June 11, 2014 (With information from El Nuevo Herald and EFE) – The number of dancers from the National Ballet of Cuba who have defected to the United States has increased to nine. Jaime Reytor joins the eight members of the company that fled last weekend in Puerto Rico and are already in Miami. The artists revealed Wednesday that they decided to defect from the island because “there is no future for young people.” They will perform next Sunday with the Cuban Classical Ballet of Miami at a gala dedicated to the Russian ballet.
Eight dancers (Jorge Oscar Sanchez, Raizel Cruz, Carlos Ignacio Galindez, Ariel Soto, Monica Gomez, Yaima Mendez, Lisette Santander and Yinet Fernandez) participated in a press conference organized by the Cuban Classical Ballet of Miami, in which they described their flight from the City of San Juan in Puerto Rico, where they were to participate in the show “The Magic of Dance,” where the Cuban director of art education, Alicia Alonso, was to be present.
“This is the country of the future. There are many options for work and places to choose from. We came here in order to dance and we will dance,” Jorge Oscar Sanchez, age 23, told EFE. He decided not to return to Cuba but to stay in the United States “in search of opportunities,” despite his sadness “at leaving behind family and friends,” because on the island “there is no future for young people.”
Since 2007, at least 35 dancers have sought asylum in the U.S. and other countries, according to figures from the Cuban Classical Ballet of Miami. The artistic director of the company, Pedro Pablo Peña, said the steady drip of defections shows “the absolute discontent” of artists with the Cuban regime.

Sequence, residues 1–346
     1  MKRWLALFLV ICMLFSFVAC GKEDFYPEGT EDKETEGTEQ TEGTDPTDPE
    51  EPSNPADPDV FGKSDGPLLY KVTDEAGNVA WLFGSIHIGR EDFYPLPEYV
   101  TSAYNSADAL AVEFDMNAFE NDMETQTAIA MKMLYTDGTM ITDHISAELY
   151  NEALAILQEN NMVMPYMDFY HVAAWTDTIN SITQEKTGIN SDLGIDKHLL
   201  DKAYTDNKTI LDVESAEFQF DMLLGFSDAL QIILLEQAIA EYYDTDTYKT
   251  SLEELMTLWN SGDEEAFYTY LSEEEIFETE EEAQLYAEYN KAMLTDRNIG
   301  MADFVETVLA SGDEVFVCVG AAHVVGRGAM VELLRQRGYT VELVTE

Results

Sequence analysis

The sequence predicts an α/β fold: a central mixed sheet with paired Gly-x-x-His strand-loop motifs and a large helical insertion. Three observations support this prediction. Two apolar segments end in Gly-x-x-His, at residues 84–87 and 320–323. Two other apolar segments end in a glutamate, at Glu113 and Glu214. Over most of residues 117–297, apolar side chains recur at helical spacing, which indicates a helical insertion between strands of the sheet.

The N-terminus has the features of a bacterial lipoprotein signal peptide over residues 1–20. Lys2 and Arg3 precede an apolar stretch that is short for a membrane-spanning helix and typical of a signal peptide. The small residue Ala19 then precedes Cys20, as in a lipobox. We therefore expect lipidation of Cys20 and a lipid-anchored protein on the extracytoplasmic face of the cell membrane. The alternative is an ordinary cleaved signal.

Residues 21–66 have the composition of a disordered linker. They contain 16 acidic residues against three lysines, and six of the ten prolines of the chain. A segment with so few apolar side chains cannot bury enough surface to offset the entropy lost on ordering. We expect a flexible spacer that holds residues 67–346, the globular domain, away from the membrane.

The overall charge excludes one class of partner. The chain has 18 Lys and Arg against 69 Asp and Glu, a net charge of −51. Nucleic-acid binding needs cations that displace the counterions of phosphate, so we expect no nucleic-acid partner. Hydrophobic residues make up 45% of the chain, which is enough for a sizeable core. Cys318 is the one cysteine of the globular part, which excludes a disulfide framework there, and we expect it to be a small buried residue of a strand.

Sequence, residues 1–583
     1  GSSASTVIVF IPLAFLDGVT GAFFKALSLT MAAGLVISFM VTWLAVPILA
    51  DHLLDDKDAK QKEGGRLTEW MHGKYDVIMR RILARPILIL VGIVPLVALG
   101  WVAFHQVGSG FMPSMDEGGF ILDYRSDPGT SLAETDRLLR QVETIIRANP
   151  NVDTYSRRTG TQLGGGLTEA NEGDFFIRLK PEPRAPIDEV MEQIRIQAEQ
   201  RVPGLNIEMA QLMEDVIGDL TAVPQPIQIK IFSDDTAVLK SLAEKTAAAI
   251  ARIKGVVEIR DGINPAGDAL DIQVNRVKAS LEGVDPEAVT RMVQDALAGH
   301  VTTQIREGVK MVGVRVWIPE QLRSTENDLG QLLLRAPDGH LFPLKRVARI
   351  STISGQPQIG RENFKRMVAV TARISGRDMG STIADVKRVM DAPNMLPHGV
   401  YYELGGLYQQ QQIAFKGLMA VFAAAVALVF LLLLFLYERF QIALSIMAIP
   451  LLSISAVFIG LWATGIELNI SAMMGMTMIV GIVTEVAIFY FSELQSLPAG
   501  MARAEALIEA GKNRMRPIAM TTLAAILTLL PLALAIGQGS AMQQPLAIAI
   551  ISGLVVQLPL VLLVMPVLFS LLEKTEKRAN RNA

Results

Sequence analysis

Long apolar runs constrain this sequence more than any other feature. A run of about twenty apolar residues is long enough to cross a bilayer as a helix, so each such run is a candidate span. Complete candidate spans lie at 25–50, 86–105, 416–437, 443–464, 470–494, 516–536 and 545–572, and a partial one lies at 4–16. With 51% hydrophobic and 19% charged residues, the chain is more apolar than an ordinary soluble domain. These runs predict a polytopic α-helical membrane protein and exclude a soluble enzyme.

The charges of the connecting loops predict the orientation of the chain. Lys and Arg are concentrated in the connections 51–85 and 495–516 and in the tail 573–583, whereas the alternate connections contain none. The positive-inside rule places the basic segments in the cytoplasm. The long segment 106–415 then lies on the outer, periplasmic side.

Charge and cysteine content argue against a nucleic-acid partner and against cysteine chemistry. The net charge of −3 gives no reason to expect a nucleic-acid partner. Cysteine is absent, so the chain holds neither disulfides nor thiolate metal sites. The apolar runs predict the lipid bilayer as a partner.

“At first I was a little nervous because it was a very strong impact. It was leaving your family behind to go and find your profession, to be a dancer . . . It’s very hard. I keep thinking about my family,” said Ariel Soto. “They didn’t give us the opportunity of showing us how to reach our potential. I didn’t want to be frustrated because I have a life ahead of me. I’m 23 years old and I want to grow and not stagnate,” he said.
Another dancer, Yaima Mendez admitted that “I’ve been working since I was a child, and could not see the final result of that sacrifice” and that “it always hurts. It’s something very tough, very heavy, but I needed it to fulfill my dreams in a big country.”
According to Raizel Cruz, all dancers in Cuba support the decision of any artist who defects. “I dance, but I come with the mindset of doing anything. Whatever it takes,” he said.
According to the América Tevé channel, Cuban tennis players Randy Blanco (age 21) and Ernesto Alfonso (age 24), who participated in the Davis Cup elimination rounds, also held in Puerto Rico, fled and arrived yesterday at Miami International Airport.
Translated by Tomás A.